By Melodie Woerman Editor, The Harvest The desire of three teens to see their friends merged with the chance to learn more about the season of Advent to create ADVENTure, a new event offered by the youth program of the diocese for young people in grades 6 through 12. Michael Funston, interim Youth Missioner, said three teens — Jeremiah Shipman of Grace Cathedral, Topeka, and Jocilyn Schmidt and Cheyenne Sida of St. Thomas, Overland Park — didn’t like the gap in youth activities between September’s Fall Fun Fest and Miqra in January. They suggested something with a Christmas theme and then settled on Advent, since, as Shipman said, it is “a season I didn’t know all that much about.”
1. Any priest may use the liturgy authorized by the General Convention of the Episcopal Church for the blessing of same-sex unions. In addition to the liturgical resources, the additional educational and preparation resources found in “I Will Bless You, and You Will Be a Blessing: Resources for the Witnessing and Blessing of a Lifelong Covenant in a Same-Sex Relationship” are commended to the clergy and people of the diocese.
5. Any further questions with regard to these provisional rites should be addressed to the Office of the Bishop.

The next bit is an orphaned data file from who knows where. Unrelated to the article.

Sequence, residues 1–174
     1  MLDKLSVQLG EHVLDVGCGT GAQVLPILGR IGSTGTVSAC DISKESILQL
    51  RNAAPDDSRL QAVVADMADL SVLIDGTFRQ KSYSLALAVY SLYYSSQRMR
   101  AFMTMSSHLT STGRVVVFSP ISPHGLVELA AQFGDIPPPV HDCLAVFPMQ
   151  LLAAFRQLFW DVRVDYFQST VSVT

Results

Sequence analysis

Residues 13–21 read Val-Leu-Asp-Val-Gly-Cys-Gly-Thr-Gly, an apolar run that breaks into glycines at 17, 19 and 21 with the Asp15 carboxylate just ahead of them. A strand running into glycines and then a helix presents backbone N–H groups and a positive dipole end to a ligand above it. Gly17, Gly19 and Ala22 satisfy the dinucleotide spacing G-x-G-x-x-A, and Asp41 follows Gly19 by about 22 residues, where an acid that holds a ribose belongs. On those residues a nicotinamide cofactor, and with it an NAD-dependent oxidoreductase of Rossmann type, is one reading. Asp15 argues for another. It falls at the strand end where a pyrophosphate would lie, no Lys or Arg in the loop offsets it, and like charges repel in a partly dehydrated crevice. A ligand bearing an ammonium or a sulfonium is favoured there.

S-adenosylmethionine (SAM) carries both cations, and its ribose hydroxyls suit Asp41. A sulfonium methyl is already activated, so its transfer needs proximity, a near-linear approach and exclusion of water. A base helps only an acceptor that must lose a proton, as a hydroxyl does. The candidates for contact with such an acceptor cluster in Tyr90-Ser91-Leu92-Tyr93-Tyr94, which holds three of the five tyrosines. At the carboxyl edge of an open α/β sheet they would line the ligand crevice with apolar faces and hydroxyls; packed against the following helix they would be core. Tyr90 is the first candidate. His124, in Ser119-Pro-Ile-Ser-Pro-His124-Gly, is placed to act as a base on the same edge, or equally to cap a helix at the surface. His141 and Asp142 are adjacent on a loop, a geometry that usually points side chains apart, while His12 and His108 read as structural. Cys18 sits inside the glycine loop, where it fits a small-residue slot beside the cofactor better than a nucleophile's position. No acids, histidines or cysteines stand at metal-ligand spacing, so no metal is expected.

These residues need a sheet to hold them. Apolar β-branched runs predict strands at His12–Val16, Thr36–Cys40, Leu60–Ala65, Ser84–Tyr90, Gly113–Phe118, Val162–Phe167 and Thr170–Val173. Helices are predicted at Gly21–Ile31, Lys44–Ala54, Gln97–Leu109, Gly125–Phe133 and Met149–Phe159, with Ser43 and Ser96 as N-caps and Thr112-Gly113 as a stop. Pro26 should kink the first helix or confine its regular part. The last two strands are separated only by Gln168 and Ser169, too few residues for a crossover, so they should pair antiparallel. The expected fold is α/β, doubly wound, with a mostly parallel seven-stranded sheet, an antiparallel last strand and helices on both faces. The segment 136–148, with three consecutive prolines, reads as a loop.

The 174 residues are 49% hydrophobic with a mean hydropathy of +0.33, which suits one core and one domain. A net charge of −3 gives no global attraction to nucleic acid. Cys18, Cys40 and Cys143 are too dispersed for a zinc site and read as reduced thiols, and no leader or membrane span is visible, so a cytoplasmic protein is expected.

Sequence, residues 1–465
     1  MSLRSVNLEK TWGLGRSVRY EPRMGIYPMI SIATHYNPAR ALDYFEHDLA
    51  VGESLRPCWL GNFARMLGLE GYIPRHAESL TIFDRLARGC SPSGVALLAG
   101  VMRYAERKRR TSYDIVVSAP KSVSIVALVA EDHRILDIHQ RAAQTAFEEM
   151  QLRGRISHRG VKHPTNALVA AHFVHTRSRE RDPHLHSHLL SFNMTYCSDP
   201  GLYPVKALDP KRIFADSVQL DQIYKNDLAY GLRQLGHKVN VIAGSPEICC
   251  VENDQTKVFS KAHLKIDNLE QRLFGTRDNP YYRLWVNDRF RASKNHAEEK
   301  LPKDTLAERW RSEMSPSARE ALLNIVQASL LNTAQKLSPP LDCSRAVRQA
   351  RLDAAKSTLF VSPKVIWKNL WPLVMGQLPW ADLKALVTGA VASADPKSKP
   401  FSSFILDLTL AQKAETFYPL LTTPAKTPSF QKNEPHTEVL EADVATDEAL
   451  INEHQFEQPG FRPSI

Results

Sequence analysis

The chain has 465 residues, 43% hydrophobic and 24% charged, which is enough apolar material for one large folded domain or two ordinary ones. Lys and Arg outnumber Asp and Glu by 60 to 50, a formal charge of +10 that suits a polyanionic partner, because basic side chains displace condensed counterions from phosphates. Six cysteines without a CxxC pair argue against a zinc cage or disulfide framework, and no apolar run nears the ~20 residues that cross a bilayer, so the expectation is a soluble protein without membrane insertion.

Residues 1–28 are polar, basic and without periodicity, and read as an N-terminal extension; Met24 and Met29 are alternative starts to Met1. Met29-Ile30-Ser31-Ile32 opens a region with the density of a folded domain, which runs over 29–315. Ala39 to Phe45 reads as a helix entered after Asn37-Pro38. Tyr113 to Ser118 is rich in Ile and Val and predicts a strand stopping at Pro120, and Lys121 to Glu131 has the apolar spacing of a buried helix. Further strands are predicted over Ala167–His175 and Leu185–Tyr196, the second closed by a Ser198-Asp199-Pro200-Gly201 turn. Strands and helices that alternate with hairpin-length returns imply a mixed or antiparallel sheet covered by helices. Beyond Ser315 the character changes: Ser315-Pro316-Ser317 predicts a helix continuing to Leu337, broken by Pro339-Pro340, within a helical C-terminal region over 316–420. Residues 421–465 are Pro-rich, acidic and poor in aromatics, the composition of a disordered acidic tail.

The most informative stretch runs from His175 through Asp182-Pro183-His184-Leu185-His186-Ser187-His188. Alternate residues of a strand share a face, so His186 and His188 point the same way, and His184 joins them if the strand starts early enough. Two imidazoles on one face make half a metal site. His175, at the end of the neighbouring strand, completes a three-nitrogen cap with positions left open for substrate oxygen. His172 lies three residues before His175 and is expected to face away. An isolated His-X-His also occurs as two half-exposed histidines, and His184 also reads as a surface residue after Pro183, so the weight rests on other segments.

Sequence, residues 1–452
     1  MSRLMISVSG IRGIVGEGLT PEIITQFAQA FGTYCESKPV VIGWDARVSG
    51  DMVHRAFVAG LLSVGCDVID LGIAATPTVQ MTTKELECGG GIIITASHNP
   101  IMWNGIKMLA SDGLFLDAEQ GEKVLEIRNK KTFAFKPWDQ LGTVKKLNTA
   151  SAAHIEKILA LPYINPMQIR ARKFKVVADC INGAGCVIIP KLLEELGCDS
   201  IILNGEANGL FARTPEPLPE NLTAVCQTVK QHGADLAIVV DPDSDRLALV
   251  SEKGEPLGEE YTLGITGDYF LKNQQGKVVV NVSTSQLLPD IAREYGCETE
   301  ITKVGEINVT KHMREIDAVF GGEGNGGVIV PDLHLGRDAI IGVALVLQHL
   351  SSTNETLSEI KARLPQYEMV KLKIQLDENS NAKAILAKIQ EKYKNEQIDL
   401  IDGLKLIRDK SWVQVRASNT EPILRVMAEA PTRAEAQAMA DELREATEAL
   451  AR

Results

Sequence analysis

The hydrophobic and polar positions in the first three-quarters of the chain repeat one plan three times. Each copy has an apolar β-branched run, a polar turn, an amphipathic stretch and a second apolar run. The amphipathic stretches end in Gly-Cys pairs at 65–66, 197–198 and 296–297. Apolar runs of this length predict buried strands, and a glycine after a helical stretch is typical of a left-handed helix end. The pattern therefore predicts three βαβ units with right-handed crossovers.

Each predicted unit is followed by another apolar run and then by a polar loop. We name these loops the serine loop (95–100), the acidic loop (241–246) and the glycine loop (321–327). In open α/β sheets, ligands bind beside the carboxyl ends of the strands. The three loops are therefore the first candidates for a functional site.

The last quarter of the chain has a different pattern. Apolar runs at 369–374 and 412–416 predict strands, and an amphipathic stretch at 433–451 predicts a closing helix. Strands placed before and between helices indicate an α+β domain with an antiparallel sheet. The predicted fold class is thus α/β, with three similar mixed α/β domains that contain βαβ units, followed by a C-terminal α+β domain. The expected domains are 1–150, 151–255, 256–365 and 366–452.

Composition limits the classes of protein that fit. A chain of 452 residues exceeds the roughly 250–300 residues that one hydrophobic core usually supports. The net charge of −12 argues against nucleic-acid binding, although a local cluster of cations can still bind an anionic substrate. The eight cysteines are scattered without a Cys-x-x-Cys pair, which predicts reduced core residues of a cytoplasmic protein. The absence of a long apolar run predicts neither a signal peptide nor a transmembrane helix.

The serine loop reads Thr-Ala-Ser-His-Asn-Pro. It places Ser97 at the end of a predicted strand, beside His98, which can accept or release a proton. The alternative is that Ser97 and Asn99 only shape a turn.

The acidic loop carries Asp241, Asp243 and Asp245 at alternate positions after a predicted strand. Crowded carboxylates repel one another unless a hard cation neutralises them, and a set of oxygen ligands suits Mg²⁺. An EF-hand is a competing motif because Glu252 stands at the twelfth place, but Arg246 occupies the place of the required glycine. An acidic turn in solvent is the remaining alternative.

Diocese receives three Jubilee ministry grants
Julia Howell from Grace Cathedral, Topeka (left) and Elizabeth Parker of St. Thomas, Overland Park enact a skit about St. Nicholas, whose feast day fell just before the start of the event. They used information boards the cathedral had on display.
to go forward, and eventually 37 young people and 11 adult sponsors signed up. Funston said speakers talked about the history and symbolism of the season of Advent, as well as explored the concept of waiting as it appears in the Bible. There also was time for worship, including Compline and Sunday morning Eucharist with the cathedral congregation. Activities included learning about St. Nicholas (whose feast day had just occurred), games, a dance party, and making a variation of gingerbread houses, using graham crackers, with frosting and candies for decorations. Funston said as part of that activity youth talked about Bible passages that centered on build-
ing a house for the coming of the Lord. Funston said that when quizzed, participants were eager to tell her what they had learned, including, Shipman said, that “St. Nicholas punched an Egyptian bishop for saying that Jesus Christ was not God.” Funston said that as with all youth events, “we try to guide kids, to talk about Jesus and sharing God’s love. They got those things but also learned about the season of Advent and why we observe it in the Episcopal Church, and why it’s important.” The reason behind the event’s creation wasn’t lost, either. “They also loved time with their friends from around the diocese,” Funston said.